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Information about a hospital construction project in Togo

From: Ross
Sent on: Friday, August 2, 2013 7:24 PM
Dear Brooklyn and Queens RPCVs,

I served as a Peace Corps Volunteer Togo, West Africa, from[masked] and live in Astoria.  Right now, I am helping my friends and former colleagues raise money to build a small hospital (un dispensaire), in Dagnigan, a village in the Plateau Region of Togo near the Ghana border. Even though I did not live in Dagnigan, I ended up doing most of my work there. It was easy to see that this was a special village.  As anyone who has served in this region knows, it is very difficult to find villages that can really sustain development projects for years.  Dagnigan is one of those villages.  It has a proven track-record of self-reliance, solidarity, and doing everything they can to improve their lot.  Here are links to our crowd-funded campaign and Facebook group.  I beg you to take a minute to read about our project and consider making a donation. 



Just to provide some background, we began planning this project in late 2012. Leaders from Dagnigan and neighboring villages, working with a local non-governmental organization, inquired into the villages' development priorities. Remarkably, every segment of the population gave the same response: a hospital! All too often, I have seen development projects fail because they do not really reflect the beneficiaries' priorities. For example, a village may want to improve its water system but a foreign NGO builds a school instead. Even though the NGO had the best intentions, within a few years the school falls into disrepair and disuse. That is why the participatory diagnostic we conducted is so important: it indicates the hospital's sustainability for the indefinite future. Another indicator is the hefty community contribution that Dagnigan and the other villages voluntarily undertook. Not only has Dagnigan donated land for the hospital, but the villages have organized manual labor and pledged to provide much of the raw materials for construction, including gravel, sand, and water for mixing cement and wood for doors, windows, and furniture. Men and women transport water, sand, and gravel by extracting it from local riverbeds and carrying it on their heads back to Dagnigan. It is an exhausting--indeed, excruciating--process, and evidences how much everybody values the hospital's construction.
Although everyone in the villages will benefit from the hospital, no group more so than women and small children. Dagnigan is a very rural village without access to paved roads or means of transportation. Complications during pregnancy and childbirth are a leading cause of death for women and infants. If a woman goes into labor in the middle of the night, for example, there is literally nothing she can do except have the baby at home--in unsanitary conditions and without any trained medical personnel. If she experiences complications it probably will not end well.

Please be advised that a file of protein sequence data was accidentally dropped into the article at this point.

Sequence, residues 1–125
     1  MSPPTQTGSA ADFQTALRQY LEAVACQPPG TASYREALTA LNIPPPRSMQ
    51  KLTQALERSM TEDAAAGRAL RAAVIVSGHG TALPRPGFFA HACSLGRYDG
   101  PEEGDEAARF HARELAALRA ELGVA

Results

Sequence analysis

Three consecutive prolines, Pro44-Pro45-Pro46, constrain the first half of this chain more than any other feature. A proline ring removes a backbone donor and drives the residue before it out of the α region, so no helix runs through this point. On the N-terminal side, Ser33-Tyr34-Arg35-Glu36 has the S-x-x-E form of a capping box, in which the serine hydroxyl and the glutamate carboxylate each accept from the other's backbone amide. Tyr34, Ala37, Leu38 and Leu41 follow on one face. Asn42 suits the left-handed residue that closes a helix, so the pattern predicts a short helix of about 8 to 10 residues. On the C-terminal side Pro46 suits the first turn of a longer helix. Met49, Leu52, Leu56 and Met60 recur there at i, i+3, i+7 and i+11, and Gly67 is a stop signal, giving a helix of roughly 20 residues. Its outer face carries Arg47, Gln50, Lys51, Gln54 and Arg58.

The hospital will also treat childhood diseases. It will vaccinate children against measles, yellow fever, hepatitis, typhoid, and meningitis, just to name a few. It will treat malaria, which is so common that in the local language 'fever' and 'malaria' are the same word. It will treat dysentery, amebas, parasites, and other gastro-intestinal problems, which are also leading causes of child mortality in this region. And it will provide immediate first-aid for scrapes, broken bones, and snake bites (which are surprisingly common).
As I mentioned, Dagnigan has already donated a site for the hospital and organized the community contribution to provide the raw materials for its construction. The project is shovel-ready; they are only waiting for funding (and the end of the rainy season!) to start work. Based on my experience with the village, which now dates back seven years, I am absolutely confident the hospital will be constructed quickly and enjoy long-term sustainability.
Please do not hesitate to contact me if you have any thoughts or questions. Thank you for reading this message and considering our project.
Kind regards,
Ross Mazer
[address removed]

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